The report by Redeker et al1 stated that 12 cases of serum hepatitis developed among 120 recipients of commercially prepared pooled plasma. Four of these were clinically icteric and eight were not, giving an attack rate for icteric hepatitis of 3%, and for nonicteric hepatitis, 7%—a total of 10%. There were elevations of transaminase values (serum glutamic oxaloacetic transaminase [SGOT], serum glutamic pyruvic transaminase [SGPT]) in all 12 patients, occurring within proper periods of incubation for serum hepatitis. Needle biopsies were performed upon the 12, and the diagnosis was confirmed pathologically. On the basis of this report, the National Research Council's Committee on Plasma and Plasma Substitutes2 concluded that heat treatment of plasma was ineffective in preventing serum hepatitis. Thereupon, they hastily recommended the discontinuance of the commercial production of plasma and by legal implication, the private production as well.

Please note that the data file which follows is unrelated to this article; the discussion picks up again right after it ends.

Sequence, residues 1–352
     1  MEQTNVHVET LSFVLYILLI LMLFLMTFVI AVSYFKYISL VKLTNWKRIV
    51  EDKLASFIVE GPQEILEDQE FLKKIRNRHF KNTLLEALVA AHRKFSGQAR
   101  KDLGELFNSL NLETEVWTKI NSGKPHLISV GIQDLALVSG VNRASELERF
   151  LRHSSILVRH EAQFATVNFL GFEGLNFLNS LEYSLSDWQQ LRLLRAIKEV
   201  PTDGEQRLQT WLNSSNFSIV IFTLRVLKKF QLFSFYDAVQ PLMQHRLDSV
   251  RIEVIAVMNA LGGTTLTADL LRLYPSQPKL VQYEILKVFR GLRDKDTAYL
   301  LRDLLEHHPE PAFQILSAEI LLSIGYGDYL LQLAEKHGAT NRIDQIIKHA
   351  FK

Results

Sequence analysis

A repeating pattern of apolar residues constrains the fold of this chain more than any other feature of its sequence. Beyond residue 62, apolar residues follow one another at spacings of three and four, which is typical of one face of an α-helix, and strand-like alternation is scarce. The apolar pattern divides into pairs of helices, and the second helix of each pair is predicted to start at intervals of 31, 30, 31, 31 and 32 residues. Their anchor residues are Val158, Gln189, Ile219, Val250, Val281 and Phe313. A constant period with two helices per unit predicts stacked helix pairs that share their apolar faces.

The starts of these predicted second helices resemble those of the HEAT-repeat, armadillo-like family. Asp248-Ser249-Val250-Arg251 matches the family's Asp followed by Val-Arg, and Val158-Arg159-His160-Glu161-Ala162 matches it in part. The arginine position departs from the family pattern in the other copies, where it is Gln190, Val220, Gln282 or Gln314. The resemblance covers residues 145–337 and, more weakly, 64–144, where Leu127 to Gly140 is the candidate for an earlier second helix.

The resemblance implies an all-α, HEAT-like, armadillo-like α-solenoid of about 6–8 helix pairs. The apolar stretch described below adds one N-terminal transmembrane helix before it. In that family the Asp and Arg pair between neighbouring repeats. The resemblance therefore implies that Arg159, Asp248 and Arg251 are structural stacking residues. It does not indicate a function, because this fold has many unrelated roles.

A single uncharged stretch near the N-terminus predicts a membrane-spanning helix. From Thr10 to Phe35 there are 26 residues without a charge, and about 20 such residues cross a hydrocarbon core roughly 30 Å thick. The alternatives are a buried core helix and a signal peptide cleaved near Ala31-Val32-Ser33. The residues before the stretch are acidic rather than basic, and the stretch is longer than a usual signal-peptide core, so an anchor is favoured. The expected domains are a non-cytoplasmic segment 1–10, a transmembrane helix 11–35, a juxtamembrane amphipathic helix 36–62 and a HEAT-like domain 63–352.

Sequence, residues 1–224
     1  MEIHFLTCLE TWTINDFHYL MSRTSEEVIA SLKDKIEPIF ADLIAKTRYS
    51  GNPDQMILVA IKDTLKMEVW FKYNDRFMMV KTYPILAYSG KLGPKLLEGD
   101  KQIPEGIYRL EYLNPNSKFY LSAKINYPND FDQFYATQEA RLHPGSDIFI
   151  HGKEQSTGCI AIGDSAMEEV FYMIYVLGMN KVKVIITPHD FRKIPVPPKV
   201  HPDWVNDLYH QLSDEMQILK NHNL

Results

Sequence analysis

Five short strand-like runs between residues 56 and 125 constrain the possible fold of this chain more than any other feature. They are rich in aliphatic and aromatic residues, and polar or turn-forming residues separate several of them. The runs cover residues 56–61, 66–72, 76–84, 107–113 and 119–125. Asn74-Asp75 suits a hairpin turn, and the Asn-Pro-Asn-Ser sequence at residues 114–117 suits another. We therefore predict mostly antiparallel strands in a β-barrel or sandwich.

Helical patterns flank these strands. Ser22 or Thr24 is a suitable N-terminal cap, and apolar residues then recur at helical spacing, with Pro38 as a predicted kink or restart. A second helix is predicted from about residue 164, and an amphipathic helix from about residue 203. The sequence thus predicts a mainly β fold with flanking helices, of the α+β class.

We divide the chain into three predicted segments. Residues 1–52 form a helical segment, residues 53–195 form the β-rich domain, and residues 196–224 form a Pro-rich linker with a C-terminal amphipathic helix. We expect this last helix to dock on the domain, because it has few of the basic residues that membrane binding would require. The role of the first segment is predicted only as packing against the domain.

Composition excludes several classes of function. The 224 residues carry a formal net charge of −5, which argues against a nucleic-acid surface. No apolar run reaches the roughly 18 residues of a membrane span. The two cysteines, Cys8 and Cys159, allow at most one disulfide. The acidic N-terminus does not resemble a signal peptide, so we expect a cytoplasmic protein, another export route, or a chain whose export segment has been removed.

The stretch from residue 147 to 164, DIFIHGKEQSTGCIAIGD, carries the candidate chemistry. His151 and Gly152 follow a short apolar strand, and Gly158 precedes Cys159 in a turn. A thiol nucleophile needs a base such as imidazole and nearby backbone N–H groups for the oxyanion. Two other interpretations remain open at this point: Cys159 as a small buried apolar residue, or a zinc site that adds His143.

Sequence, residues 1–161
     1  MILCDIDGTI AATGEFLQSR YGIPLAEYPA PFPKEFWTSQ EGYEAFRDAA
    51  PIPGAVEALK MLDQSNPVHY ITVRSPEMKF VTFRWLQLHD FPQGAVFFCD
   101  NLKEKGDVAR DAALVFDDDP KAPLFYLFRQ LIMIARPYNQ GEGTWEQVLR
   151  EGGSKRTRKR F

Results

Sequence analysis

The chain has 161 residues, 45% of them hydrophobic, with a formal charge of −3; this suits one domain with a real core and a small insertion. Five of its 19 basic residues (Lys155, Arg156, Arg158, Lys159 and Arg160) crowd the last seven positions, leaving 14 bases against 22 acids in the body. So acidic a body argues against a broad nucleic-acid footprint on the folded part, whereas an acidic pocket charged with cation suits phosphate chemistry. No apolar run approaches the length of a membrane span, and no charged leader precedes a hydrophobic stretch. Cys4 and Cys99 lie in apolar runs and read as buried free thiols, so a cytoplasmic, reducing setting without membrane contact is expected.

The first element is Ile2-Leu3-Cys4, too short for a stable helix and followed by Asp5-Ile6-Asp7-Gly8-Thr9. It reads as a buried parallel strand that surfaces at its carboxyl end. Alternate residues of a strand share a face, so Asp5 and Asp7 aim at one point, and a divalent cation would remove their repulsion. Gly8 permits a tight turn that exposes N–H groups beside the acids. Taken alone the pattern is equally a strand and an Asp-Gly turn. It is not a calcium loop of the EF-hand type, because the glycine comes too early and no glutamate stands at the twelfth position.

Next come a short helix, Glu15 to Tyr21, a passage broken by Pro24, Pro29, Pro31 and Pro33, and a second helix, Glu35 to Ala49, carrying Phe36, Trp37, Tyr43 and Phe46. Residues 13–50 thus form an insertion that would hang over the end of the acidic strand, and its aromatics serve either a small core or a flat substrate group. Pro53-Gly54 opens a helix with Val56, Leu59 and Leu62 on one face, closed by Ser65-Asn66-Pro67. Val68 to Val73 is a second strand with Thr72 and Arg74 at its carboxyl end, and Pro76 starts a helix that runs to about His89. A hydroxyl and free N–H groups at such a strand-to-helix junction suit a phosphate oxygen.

This experience however, appears to be unique
Allen JG. Importance of Requirements to Produce Minimal Risk Plasma. Arch Surg. 1969;98(5):558–565. doi:10.1001/archsurg.1969.01340110050002
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